solution depending on whether the TM interests view it.  I would doubt
rather seriously, based on already known rancor of the TM interests of
late, that the TM interests (Read legal community), would view your
proposed solution in a very positive light or even a valid migration
what they would view as a reasonable solution.

> The wierd part of this whole issue is that the TM forces seem to be
> dead set against the DNS being allowed to have numerous TLD categories
> like the TM "industry" has, which would allow the same SLD name to be
> unabiguously used by different parties with different TLDs, just
> because the same SLD with a differnet TLD is in fact a distinctly and
> distinctively different name.

  We have had the discussion and debate regarding "Categories" of
TLD's.  It is very unlikely and legally arguably a reasonable or acceptable

solution to the TM interests concerns.  However in that there are not
stead fast globally established and enforceable legal standards for TLD's
and Domain Names within a particular TLD name space, this point is
more moot than not.

> So, the mystery of what is the ORSC "policy postion" is that ORSC
> advocates opening up the root to as many TLDs as the market wants.
> No more, no less!  And sooner rather than later!

  Agreed.  However it must be understood that "Chartered TLD's"
are not the solution as they represent a closed and restrained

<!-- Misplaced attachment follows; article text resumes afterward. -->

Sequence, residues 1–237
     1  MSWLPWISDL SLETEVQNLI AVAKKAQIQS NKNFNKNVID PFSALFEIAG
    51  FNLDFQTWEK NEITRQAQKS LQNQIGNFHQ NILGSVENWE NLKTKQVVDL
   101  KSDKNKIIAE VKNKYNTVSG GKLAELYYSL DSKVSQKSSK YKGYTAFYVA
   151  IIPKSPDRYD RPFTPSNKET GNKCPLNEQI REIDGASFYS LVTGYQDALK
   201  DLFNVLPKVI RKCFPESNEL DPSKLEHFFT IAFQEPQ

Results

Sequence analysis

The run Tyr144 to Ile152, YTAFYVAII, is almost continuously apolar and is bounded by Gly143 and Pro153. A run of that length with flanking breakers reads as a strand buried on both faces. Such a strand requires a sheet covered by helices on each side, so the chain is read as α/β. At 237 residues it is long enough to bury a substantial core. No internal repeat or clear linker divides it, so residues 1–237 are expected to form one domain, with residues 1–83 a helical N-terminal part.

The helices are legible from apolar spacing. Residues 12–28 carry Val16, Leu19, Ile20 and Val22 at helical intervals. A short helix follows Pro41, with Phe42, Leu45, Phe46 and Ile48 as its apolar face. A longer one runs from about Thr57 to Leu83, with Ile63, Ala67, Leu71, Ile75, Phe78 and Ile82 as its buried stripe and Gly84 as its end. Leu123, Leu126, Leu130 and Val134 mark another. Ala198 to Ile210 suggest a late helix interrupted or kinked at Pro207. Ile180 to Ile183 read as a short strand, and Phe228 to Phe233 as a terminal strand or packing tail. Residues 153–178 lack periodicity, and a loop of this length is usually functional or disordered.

reaction, and as such puts in question a potential restraint of
trade condition.

> Because the lack of gTLD names is THE CORE PROBLEM!

  CORE, is defiantly the at the ROOT (No pun intended) of the
problem here.  I will leave all of you to read between the lines here.

> Cheers...\Stef
> >From your message Tue, 16 Feb 1999 09:59:28 -0800 (PST):
> }
> }Einar Stefferud <Stef@nma.com> wrote:
> }
> }>And, when this reality dawns on [TM interests], they will see that
> }>more TLDs will in fact solve their problems by providing lots of
> }>qualifiers and differentiators.  How many "qualifier" categories does
> }>TM law already recognize?
> }
> }Good question.  When I brought up the subject sometime back, the
> }responses suggested that there were (potentially) hundreds of
> }thousands of qualifiers.  Marks are registered geographically,
> }according to the type of business, etc.
> }
> }>Why should DNS have any fewer the TM?  Why not lots more?
> }
> }We have had this discussion before (and never seem to be able to
> }resolve it).  There are serious concerns as to how well DNS will work
> }with hundreds of thousands of TLDs.
> }
> }Furthermore, are TLDs exclusive in nature?  If so, what happens when a
> }business expands into another area?  Are they forced to move to a more
> }inclusive TLD (assuming one exists)?  Are they forced to register in
> }multiple TLDs?  What happens if their names are in use in the target
> }TLDs?
> }
> }What stops TM interests from taking people in any TLD to court?  It's
> }not as if all the "qualifying mark" TLDs will be created
> }instantaneously.  Until enough TLDs are created to sufficiently
> }qualify a business (assuming that ever happens), there is still a real
> }concern that TM interests will continue to fight for the names they
> }want to protect.
> }
> }I guess I have never really understood the ORSC position on new TLDs,
> }because it doesn't seem to me that it makes the TM problems go away
> }for quite some time, if ever.
> }
> }--gregbo


Jeffrey A. Williams
CEO/DIR. Internet Network Eng/SR. Java/CORBA Development Eng.
Information Network Eng. Group. INEG. INC.
E-Mail jwkckid1@ix.netcom.com
Contact Number:  972-447-1894
Address: 5 East Kirkwood Blvd. Grapevine Texas 75208